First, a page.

Just as the Board of Estimates is about to conduct its first virtual meeting – one that lacks a mechanism for members of the public to participate and protest – one of the city’s most controversial proposals is on the agenda.
An aerial surveillance program agreement between the Baltimore Police Department and Ohio-based Persistent Surveillance Systems is set to be approved at this morning’s meeting.
Calling it “a privacy nightmare come to life, ” the ACLU of Maryland has raised strong objections to the plan, which would have three planes flying over Baltimore as early as the first week of April, collecting footage supporters say would aid in combating violent crime.
UPDATE: The BOE today deferred action on this item for one week.
Former Councilman Carl Stokes called on the BOE to defer the vote “until the public has a chance to be heard and until we have a full understanding of the funding expectations.”
“We have to get our hands around violence in Baltimore but we must be transparent in all our actions. I have not seen anything that proves this surveillance program is effective,” Stokes said in a statement.
Council President Brandon Scott, who sits on the board and who has asked for action on the agreement to be deferred, “believes something of this significance must be reviewed thoroughly and transparently,” his spokesperson, Stefanie Mavronis, told The Brew.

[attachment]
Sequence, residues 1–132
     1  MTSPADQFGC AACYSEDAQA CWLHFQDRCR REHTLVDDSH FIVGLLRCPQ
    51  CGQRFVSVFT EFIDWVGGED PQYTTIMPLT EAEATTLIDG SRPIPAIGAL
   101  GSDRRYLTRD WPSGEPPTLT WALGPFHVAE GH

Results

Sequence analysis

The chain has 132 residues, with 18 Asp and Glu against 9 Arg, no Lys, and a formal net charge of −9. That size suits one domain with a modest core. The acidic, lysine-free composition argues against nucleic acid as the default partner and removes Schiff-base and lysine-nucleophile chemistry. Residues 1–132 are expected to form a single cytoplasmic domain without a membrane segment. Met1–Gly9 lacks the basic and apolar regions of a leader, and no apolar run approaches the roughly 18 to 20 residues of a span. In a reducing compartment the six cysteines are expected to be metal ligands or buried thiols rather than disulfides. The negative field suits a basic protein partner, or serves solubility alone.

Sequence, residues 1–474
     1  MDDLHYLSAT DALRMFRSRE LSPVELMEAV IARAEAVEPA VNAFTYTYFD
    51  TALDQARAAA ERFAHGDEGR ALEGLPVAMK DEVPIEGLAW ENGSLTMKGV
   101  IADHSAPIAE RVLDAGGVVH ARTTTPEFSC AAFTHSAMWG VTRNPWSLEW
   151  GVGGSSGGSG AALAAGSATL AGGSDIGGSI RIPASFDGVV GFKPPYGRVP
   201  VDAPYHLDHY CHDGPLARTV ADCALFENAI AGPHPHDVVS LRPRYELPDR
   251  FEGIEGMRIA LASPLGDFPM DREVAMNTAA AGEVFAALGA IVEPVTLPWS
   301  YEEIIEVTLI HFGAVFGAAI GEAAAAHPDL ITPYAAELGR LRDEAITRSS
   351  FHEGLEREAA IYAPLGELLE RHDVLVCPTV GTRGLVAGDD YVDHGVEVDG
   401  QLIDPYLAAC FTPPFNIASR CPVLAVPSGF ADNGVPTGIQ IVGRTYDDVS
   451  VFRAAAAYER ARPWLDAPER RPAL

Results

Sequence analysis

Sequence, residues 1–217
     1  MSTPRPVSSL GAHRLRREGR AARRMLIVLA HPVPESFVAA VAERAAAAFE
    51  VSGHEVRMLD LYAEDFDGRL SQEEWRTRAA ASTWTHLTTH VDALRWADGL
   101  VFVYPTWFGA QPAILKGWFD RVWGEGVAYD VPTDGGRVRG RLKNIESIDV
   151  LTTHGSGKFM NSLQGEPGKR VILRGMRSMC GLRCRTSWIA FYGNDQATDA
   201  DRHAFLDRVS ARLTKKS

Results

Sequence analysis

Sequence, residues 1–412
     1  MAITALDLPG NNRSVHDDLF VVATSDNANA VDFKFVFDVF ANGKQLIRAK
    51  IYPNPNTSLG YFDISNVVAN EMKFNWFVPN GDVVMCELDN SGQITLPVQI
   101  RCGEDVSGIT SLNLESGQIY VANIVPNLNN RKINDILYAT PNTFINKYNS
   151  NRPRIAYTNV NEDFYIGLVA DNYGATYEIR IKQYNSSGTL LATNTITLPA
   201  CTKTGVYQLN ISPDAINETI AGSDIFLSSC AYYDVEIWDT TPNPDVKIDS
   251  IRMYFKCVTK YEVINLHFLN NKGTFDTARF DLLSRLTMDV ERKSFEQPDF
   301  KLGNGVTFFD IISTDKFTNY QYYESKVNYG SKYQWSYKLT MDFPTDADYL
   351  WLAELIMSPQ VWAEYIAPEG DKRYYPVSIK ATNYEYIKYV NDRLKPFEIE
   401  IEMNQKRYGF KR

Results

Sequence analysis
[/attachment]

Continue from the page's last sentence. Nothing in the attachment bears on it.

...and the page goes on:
The City Council has not been briefed on the six-month surveillance program agreement, which also has not been released to the public.
Brady Bunch Visuals
Members of the Board of Estimates will attend the meeting virtually using the WebEx platform, Scott has announced.
The Hyman Pressman Room, where meetings usually take place on Wednesdays, will be closed to the public.
The public will be able to listen to the meeting via phone – call 1-408-418-9388 and use access code 711 183 482.
And those with access to cable TV or internet will also be able observe the virtual meeting by tuning in to CharmTV (Channel 25) and online at the Charm TV live link.
What will these viewers see since the five board members will not be in the meeting room?
The spending board members’ faces will appear in boxes on the screen simultaneously, “kind of like the Brady Bunch,” Mavronis quipped.
Scott hopes to increase opportunities for public input at the meetings, Mavronis said, “but it’s a work in progress – we’re still troubleshooting it.”